Two Starks in the same place–and at the same time.
Was there a dry eye in the house when Sansa Stark and Jon Snow were reunited at Castle Black? Their mutual astonishment was beautifully played–not a beat too short, nor a beat too long (Kudos to Sophie Turner and Kit Harrington, who are giving terrific performances this season). As they contemplate the present situation, their states of mind couldn’t be further apart. He’s grown weary of the fight; she, showing more and more of her mother’s grit, is determined to retake the North from Ramsay Bolton. Nevertheless by the end of the episode, with his family and Castle Black under threat, he’s back in the fray.
The tenor of this season of GoT has been unlike any other. Despite Melisandre’s magic and Bran’s warging, there’s a new sense of groundedness. Bran and Arya are no longer children; more essential perhaps is that Sansa is longer a pawn. There’s also a feeling of convergence, of an end in sight; in fact the show runners have indicated that there may only be two more truncated seasons of GoT. But more than that it seems having burned through the five “Fire and Ice” novels, the show’s spirit, not just its plot, has been freed in a fundamental way.
However not every storyline shares the blessing of creativity. The show runners may love Ramsey Bolton, his smirk and his weekly brutality show, but all have worn out their welcome. I realize “Less is more” is not exactly GoT’s motto, but as far as Ramsey’s concerned, its application would be most welcome.
On a more positive note this episode served as an excellent tutorial on how to negotiate common interests. Wonder of wonders, the Lannisters and the Tyrells agreed to join forces to break the High Sparrow’s hold on King’s Landing and free Margaery and Loras (Good luck with that). More ominous, though, is the deal Tyrion struck with the Masters of Yunkai, Astapor and Volaris. Sadly, I think Grey Worm and Missandei are right. I sense that our favorite Lannister has seriously misjudged the situation—the Masters’ “best interests” are likely more complicated than he thinks, and his support in Meeren seems to be wearing thin. Dragons to the rescue?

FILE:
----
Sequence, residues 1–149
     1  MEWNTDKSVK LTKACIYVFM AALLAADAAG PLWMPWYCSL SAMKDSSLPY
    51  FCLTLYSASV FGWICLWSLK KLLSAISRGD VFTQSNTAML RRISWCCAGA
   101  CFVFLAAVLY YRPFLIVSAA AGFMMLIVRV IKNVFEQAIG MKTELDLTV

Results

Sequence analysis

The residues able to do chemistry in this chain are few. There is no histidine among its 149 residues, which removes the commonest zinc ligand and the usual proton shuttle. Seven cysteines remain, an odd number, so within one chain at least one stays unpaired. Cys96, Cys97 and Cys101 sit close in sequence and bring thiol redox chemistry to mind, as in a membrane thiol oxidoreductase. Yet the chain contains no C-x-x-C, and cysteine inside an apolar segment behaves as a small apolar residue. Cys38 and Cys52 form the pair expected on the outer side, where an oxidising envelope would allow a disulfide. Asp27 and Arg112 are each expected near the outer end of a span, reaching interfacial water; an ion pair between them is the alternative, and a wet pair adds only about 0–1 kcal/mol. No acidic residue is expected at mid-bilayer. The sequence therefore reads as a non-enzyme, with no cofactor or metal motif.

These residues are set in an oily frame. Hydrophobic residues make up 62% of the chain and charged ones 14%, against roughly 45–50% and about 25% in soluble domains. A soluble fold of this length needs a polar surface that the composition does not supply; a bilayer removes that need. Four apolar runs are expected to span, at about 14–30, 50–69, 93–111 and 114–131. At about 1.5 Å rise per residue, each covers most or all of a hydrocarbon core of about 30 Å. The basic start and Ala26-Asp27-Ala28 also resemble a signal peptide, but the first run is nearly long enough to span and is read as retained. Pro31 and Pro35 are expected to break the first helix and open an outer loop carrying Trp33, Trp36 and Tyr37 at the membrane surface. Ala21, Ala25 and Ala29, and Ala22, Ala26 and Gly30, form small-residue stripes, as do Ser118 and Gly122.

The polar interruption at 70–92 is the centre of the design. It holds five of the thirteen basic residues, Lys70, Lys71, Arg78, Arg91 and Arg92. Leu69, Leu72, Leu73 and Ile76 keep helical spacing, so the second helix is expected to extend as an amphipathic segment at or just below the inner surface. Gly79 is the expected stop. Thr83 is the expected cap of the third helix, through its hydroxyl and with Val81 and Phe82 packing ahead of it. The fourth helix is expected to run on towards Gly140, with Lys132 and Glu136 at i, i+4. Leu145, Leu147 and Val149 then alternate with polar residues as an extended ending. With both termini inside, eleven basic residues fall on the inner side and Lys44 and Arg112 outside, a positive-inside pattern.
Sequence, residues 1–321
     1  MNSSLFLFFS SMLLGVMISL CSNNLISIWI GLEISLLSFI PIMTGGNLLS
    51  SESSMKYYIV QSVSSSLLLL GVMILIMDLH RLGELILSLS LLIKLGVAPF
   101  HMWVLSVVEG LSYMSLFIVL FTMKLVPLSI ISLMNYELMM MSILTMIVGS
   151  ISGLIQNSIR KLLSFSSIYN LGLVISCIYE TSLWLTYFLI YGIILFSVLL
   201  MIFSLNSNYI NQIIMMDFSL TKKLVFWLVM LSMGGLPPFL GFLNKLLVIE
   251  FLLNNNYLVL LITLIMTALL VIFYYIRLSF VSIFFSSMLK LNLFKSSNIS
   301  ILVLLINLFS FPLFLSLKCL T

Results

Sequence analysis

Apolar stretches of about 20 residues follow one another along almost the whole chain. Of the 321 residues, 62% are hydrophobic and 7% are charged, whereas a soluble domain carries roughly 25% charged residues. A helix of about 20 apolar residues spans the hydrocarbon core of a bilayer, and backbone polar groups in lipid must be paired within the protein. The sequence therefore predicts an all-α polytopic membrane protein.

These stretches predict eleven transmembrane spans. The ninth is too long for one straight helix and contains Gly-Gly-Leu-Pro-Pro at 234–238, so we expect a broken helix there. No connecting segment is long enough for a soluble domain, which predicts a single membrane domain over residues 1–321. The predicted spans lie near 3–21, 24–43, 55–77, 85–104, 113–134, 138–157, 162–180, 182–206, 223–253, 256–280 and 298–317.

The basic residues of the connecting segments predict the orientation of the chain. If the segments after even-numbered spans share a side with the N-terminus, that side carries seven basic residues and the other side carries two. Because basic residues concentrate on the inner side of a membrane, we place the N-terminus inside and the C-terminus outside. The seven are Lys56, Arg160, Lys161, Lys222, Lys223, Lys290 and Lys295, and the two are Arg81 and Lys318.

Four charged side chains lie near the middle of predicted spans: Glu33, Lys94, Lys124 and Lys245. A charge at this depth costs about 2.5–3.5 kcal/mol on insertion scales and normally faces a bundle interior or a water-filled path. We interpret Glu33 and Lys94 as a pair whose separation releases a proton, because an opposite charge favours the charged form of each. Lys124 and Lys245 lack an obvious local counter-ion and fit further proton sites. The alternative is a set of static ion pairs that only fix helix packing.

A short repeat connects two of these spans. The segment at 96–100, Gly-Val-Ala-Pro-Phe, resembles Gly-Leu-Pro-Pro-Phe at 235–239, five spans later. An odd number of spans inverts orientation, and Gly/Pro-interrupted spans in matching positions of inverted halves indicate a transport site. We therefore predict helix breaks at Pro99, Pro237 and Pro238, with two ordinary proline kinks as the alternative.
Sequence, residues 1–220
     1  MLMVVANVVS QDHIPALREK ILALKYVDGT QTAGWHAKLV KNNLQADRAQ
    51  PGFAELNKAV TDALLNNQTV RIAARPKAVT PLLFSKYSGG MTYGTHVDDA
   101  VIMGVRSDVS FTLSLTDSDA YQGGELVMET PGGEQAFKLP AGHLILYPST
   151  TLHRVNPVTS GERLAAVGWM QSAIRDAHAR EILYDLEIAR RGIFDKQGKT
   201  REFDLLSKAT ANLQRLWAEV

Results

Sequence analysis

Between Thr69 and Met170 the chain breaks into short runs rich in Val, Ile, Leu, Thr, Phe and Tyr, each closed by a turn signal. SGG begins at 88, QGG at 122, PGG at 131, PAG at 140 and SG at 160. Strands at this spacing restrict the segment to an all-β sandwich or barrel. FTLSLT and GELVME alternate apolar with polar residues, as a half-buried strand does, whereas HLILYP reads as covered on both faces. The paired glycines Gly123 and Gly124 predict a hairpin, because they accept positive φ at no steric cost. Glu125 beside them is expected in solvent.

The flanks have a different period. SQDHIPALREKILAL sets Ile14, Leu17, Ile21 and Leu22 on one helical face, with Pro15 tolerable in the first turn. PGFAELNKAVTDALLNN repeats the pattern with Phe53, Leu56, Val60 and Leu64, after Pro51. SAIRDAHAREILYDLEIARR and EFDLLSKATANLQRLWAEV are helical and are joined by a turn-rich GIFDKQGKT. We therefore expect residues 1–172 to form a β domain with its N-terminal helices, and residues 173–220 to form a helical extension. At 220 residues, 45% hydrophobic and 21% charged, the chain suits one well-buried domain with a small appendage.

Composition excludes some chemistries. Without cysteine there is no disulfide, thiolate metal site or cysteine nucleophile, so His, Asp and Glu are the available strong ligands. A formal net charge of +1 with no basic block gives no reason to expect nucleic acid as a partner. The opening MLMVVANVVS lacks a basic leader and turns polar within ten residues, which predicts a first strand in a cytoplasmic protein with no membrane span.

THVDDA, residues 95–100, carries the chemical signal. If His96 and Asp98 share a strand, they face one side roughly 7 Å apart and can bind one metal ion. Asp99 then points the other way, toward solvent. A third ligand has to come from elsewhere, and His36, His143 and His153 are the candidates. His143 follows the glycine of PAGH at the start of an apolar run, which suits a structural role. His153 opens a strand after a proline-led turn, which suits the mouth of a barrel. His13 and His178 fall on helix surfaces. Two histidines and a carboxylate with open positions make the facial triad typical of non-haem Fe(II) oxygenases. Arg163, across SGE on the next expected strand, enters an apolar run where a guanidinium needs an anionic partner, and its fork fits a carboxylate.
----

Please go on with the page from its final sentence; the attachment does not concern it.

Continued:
Speaking of deals, Littlefinger has returned, still playing both ends against the middle. His end game has seemingly not changed—claim Sansa and through her, rule the North. Although he’s promised Sansa to the rather simple Robin Arryn, the Lord of the Vale is only Littlefinger’s tool. It takes no effort to foresee that Lord Baelish will drop the kid (literally) once he’s no longer of use. I find it somewhat amusing that Petyr Baelish is a virtual personality clone of Tommy Carcetti, the insatiable politician Aidan Gillen played in another superb HBO series, “The Wire,” without the homicides, of course. Obviously the passage of centuries, albeit in reverse, has not withered his charms.
A few final random thoughts:
Brienne almost stole the show. Whether making her entrance into Castle Black to Thormund’s astonishment, stating that she’ll neither forgive nor forget Renley’s murder, or being revolted by the table fare of the Night’s Watch (or Edd’s manners–it was hard to tell), she just shone.
In the prison scene with Loras, Natalie Dormer as Margaery never looked more like the young Diana Rigg. Great casting for this grandmother/granddaughter team.
Dany does it again! Evidently you don’t need dragons’ eggs to survive a killing fire. Danaerys Stormborn had a definite plan from the start: the smirk she wore throughout that ripe Dothraki judgment scene just said it all.
Onward, “Game of Thrones”!